Down the Rabbit Hole: Inside the world of Jaguar Jonze
To understand the world Deena Lynch, professionally known as JAGUAR JONZE, has created over the last two years, you must step outside the constraints of traditional music artists. Having developed as a dialogue for her subconscious, she also developed two other separate dialogues (or cities within the Jonze world as she likes to refer to them): one for others and their journeys with mental health through visual art and illustration as Spectator Jonze, and one for a dialogue with the body through photography under Dusky Jonze. Together, these three worlds combine to represent an unleashing of creativity, bravery and vulnerability that almost didn’t exist at all.
Lynch has created and released music in the past, but it wasn’t until two years ago with the first release under the new moniker Jaguar Jonze that her newly refined vision and freshly galvanised creativity began to capture the attention of many. With ‘You Got Left Behind’, it was a bold artistic statement and a clarion call for all who could hear it: Jaguar Jonze had arrived. From here, Lynch went on to release single after single and began a list of achievements that has steadily grown in the last 18 months as well. From being one of the most talked about acts at last year’s BIGSOUND to selling out her own shows, supporting the likes of Ocean Alley on tour to competing in Eurovision: Australia Decides and winning a Queensland Music Awards, the name and world Lynch had created for herself in order to truly express herself was being heard more and more as fans and critics alike praised her for her unashamed vulnerability, her unique voice and her entirely relatable personality (despite how intimidating she might look on stage).
There’s an openness Lynch has with her fans who she now describes as her family that is so rare within music. In a world where social media accounts are run for artists by managers and when we’re all afraid to truly be ourselves online in all our messy glory, as Jaguar Jonze, Lynch promotes self-expression at its most pure through her music. From openly discussing the traumas she experienced as a child and her consequent diagnosis with complex post traumatic stress disorder to more recent events including a personal account of sexual harassment, Lynch might indeed shed light on these issues but by doing so she repositions herself not as a victim but as the one in charge. She takes the power away from things that have rendered her powerless, and in doing so not only inspires her fans to do so, but herself as well.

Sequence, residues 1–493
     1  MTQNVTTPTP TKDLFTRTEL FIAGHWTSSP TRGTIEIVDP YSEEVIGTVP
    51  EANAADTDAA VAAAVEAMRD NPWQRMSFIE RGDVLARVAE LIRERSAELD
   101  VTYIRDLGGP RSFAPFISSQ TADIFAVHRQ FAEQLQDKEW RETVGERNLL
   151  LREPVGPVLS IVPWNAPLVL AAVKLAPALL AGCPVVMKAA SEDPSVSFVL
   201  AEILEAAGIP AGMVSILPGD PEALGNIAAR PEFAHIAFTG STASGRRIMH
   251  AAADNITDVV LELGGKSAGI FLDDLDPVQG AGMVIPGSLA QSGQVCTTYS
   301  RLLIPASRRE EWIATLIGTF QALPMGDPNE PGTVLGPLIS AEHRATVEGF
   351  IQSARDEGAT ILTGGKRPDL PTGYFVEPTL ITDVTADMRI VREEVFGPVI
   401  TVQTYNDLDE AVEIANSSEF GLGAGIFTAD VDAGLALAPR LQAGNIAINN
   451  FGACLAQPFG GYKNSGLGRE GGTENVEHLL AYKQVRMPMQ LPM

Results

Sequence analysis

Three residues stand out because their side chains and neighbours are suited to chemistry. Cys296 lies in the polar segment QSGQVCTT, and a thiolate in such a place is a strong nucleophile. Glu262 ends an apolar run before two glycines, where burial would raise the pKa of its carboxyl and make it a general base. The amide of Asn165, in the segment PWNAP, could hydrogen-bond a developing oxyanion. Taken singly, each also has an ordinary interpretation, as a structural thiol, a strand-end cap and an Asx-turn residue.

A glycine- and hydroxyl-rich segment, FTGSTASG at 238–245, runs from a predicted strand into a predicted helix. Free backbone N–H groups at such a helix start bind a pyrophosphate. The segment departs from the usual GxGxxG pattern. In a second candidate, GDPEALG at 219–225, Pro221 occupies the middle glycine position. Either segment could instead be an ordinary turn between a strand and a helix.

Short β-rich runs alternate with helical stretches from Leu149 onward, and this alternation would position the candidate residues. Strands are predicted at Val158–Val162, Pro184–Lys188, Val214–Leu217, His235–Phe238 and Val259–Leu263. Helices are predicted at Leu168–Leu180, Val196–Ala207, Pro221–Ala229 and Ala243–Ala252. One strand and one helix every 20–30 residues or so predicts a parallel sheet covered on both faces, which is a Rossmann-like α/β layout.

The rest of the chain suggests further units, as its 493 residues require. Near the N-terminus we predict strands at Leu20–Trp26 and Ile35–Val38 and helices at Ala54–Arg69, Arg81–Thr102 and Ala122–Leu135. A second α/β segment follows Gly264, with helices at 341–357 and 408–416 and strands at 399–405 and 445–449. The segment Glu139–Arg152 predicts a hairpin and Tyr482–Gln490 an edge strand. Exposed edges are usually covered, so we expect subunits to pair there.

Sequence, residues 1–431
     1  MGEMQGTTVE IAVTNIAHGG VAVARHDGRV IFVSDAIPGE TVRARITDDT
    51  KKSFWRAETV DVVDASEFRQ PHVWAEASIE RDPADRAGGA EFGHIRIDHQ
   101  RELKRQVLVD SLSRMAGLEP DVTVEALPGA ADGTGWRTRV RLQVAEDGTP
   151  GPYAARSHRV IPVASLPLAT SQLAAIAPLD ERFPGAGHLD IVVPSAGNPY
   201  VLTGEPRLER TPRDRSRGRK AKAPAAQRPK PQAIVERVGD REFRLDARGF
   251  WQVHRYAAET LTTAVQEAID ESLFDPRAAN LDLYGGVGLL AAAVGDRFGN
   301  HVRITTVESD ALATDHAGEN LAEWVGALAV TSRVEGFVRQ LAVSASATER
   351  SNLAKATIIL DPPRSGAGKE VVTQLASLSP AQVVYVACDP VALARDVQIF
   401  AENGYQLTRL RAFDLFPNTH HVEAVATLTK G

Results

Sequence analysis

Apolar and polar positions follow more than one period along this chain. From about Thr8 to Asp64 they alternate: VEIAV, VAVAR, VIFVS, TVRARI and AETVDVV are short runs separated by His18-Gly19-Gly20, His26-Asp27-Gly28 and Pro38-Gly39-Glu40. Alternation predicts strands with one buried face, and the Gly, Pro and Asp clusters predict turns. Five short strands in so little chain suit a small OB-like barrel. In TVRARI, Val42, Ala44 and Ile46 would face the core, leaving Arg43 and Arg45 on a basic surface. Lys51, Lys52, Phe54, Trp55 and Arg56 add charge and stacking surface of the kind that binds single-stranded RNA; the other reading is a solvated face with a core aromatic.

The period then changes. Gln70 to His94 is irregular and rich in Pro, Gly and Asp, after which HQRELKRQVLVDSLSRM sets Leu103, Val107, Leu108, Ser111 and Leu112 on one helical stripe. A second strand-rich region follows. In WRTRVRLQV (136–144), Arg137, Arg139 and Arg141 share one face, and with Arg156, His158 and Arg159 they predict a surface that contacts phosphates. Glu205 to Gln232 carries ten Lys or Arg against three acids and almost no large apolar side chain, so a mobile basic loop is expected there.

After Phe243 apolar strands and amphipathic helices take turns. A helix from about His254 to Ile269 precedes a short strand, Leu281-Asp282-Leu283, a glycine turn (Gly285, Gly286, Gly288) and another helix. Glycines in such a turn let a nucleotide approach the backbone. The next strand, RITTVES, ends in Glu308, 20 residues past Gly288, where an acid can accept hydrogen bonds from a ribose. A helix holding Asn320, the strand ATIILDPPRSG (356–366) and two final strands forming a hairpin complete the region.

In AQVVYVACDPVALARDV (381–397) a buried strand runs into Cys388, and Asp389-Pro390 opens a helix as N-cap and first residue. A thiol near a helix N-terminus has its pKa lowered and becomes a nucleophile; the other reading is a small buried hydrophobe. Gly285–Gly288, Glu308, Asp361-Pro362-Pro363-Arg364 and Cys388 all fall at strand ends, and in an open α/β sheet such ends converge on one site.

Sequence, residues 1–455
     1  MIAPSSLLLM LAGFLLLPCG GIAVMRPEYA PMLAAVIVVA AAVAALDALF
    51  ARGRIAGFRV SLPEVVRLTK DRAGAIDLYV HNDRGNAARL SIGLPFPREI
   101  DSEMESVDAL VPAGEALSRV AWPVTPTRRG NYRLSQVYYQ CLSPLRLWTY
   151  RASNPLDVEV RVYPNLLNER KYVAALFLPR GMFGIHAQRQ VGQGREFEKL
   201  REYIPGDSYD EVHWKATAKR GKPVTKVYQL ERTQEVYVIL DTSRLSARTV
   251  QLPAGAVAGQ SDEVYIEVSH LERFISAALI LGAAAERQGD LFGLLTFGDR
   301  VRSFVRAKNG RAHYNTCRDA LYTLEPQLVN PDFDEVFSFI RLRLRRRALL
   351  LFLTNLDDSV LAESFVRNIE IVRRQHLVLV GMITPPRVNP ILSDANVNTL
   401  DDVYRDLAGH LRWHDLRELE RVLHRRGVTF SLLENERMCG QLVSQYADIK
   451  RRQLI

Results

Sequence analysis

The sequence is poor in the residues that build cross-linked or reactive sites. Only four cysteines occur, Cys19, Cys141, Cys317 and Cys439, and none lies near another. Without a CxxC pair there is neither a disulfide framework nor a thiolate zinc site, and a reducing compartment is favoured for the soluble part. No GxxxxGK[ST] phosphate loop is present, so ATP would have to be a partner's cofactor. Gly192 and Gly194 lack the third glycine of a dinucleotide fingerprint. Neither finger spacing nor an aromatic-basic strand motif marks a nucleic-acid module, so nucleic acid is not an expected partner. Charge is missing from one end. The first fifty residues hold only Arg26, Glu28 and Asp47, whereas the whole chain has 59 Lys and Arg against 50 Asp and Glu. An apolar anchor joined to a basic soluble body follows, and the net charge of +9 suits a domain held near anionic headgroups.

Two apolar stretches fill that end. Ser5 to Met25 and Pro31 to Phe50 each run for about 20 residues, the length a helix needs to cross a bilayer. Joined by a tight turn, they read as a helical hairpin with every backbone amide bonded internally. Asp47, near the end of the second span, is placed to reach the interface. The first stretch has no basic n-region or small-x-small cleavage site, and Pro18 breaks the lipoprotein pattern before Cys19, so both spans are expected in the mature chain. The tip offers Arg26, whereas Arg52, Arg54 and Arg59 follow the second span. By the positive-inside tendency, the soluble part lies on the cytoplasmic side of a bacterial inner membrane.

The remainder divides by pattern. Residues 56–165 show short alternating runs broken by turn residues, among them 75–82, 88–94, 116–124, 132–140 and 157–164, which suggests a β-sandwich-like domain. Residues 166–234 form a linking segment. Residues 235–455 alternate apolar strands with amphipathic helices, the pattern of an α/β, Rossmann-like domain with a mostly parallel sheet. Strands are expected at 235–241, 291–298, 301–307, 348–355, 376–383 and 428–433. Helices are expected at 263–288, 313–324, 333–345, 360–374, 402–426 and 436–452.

Fast forward to April 2020 and Jaguar Jonze has released her eagerly anticipated debut EP, Diamonds & Liquid Gold. She released it while in hospital, having been taken in an ambulance after concerns of her recent COVID-19 diagnosis, and still remained as generous as ever with her adoring and now-very large fan base. Even her decision to share that she had contracted the virus that has changed everyone’s lives across the world while she was in the US for some very important shows (most of which were cancelled) was one that was applauded as she rebuked any kind of stigma with her honesty and transparency.
Diamonds & Liquid Gold is a sonically impressive odyssey that marries indie rock roots and spaghetti western stylings with the drama of a Tarantino film, and uses imagery that pays tribute to Lynch‘s heritage. It’s an incredible solid representation of her vision for her project, and one that proves she is absolutely deserving of the hype she is rightfully receiving. There is no question that as she continues to grow, the world of Jaguar Jonze and its sister projects is one that will also grow too. And in a time that needs us to embrace our vulnerabilities and our flaws and reclaim our power back from things that should no longer define us, this world is more vital than ever. Thankfully, when I sat down with her over Skype ahead of the EP’s release, I got the impression that Lynch has no intention of slowing down or stopping any time soon and in fact, she’s really just getting started.